Effex Capital argues NFA’s FXCM proceeding was “not credibly about FXCM”

Maria Nikolova

Effex Capital, whose name was embroiled in FXCM’s exit from the US retail FX market, says NFA’s publications of its settlement with the broker, in fact, targeted Effex.

After getting the requested time extension to file its reply to the National Futures Association’s objections to its appeal, Effex Capital has submitted its Reply Brief with the Seventh Circuit U.S. Court of Appeals.

Let’s recall that the dispute at hand is about a series of documents that NFA published in February 2017 – the documents concerned its investigation of Forex Capital Markets Inc (FXCM Inc) and its top management. FXCM Inc settled the matter with US regulators and agreed to exit the US retail FX market. Effex Capital and its CEO John Dittami brought an action against NFA, seeking damages over allegedly false statements made about Effex in the press releases and other narratives the Association published back in February 2017.

After NFA managed to dismiss the Effex case in April this year, Effex appealed from the District Court decision and now the matter is progressing at the Seventh Circuit U.S. Court of Appeals.

Earlier this week, Effex Capital and its CEO John Dittami filed their Reply Brief with the Court. Somewhat disappointingly, the document does not explicitly state why the appellants insist that NFA’s arguments amount to “cross-claims”. At the same time, the document restates previously mentioned arguments. This time, they are taken to extremes.

For instance, Effex and Dittami say that NFA “utilized its investigation (FXCM Proceeding) of FXCM as a vehicle to harm Appellants” and that “NFA published false and defamatory statements about Appellants under the pretext of regulating FXCM”.

Effex and Dittami then continue to explain that they do not, in fact, challenge any disciplinary action taken by NFA, because that was taken against FXCM. But they claim to be challenging NFA’s dissemination of what they see as “false and defamatory statements” against Effex and Dittami.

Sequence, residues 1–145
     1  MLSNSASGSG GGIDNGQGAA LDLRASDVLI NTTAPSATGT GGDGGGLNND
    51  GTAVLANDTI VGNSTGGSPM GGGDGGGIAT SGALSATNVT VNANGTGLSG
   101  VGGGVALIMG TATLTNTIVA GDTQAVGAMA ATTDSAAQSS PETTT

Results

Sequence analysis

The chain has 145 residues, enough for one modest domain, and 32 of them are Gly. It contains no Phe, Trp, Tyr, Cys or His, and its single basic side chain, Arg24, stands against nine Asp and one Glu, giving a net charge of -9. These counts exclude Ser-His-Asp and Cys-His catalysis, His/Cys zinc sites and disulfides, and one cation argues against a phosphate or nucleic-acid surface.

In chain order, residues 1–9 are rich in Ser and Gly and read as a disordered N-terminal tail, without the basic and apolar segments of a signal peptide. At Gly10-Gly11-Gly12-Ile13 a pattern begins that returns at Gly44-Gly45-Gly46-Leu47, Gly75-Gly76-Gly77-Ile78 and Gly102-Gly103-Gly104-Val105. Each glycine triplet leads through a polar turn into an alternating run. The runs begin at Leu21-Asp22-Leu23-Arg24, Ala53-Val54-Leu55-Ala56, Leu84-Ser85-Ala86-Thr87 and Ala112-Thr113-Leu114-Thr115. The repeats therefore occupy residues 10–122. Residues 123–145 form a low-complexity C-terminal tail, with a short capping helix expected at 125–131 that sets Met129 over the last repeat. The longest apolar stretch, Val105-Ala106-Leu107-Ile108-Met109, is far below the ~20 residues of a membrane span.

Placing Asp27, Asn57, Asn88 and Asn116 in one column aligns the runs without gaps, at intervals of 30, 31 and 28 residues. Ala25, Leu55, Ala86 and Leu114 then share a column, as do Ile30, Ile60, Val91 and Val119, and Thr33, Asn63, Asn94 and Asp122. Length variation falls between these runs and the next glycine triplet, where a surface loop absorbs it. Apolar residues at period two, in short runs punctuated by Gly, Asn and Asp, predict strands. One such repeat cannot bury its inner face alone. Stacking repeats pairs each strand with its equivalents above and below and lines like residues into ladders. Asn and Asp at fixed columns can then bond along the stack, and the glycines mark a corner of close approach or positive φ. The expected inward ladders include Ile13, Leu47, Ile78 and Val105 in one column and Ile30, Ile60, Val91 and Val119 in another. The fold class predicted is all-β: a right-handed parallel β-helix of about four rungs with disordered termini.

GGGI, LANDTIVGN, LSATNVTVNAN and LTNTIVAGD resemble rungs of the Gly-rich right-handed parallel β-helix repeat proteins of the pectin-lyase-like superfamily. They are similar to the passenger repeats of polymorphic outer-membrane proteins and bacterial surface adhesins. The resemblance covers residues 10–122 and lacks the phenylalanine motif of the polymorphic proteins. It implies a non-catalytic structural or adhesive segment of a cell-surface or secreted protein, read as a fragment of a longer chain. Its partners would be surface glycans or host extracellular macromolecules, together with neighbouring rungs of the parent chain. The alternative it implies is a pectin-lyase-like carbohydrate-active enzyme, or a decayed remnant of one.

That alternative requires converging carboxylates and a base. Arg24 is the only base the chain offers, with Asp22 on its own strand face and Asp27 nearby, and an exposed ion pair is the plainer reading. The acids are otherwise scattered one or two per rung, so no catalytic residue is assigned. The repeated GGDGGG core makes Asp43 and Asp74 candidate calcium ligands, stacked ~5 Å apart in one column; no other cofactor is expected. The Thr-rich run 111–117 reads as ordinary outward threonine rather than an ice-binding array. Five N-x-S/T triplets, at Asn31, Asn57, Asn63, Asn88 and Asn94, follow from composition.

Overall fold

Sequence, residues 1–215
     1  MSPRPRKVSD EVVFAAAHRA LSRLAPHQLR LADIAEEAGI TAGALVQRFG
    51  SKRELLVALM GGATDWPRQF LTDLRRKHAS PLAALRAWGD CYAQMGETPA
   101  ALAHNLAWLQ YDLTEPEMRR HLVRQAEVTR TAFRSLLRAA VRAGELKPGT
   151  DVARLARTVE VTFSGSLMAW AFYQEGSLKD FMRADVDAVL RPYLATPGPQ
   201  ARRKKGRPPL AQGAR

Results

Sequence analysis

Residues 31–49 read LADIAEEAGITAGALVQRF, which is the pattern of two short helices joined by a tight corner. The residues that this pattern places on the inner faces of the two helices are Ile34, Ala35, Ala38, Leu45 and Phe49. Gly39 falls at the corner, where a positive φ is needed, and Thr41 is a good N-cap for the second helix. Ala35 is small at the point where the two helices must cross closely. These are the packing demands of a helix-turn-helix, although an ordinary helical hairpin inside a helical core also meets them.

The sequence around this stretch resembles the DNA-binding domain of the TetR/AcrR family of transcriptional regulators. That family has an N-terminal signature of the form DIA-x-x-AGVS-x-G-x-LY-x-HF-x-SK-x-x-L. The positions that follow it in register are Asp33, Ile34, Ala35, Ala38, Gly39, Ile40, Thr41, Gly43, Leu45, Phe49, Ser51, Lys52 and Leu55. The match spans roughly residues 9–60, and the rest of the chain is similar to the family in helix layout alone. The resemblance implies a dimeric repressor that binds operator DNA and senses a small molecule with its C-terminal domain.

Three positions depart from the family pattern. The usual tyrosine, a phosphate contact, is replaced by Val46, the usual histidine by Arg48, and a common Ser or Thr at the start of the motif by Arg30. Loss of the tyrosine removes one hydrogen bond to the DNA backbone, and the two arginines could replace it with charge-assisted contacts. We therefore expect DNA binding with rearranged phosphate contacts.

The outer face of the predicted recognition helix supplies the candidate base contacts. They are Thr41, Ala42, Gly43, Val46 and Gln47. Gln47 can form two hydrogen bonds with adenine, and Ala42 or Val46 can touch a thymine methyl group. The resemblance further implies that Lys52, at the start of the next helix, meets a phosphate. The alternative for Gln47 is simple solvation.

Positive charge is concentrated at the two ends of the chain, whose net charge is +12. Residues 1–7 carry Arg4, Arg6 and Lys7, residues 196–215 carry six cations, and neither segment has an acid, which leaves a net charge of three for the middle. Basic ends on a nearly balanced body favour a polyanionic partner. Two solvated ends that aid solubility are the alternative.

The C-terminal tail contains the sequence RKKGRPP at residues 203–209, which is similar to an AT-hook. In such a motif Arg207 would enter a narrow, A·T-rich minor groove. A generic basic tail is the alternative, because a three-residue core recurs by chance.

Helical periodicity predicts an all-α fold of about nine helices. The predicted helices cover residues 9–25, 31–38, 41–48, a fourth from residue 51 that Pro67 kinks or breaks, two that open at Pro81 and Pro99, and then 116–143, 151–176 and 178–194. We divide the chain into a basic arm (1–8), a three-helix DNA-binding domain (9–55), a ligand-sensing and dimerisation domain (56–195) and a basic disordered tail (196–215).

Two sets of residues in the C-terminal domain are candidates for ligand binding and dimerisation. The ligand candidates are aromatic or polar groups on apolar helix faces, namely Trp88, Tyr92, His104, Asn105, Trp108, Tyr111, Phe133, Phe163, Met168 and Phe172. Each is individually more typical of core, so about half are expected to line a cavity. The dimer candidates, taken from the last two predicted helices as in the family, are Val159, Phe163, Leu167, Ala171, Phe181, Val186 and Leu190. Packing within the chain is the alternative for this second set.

The appellants say they do not wish to review NFA’s decision about FXCM but rather seek damages. This may be interpreted as: Effex wants money from NFA.

Finally, Effex and Dittami argue that “the FXCM Proceeding was not credibly about FXCM but rather about Effex” over whom NFA had no jurisdiction.

It is worth remembering that NFA’s Decision found one set of violations that stemmed from FXCM’s dealings with Effex: FXCM advertised that it used a “No Dealing Desk” model – using an independent liquidity provider to execute trades – that eliminated a potential conflict of interest between FXCM and customers. NFA’s Decision found that FXCM directed trades to Effex, which “was purportedly independent” but which FXCM actually supported and controlled through various means. It also found that FXCM allowed Effex to engage in execution tactics that were abusive to FXCM’s customers – Hold Timer and Previous Quote.

Also on February 6, 2017, the CFTC issued its own decision concerning FXCM. The CFTC made materially identical findings to NFA’s. The CFTC called Effex “HFT Co” but quoted a 2012 post from Forex Factory, which identifies Effex by name.

The case is captioned Effex Capital, LLC, et al v. National Futures Association, et al (0:18-cv-01914).

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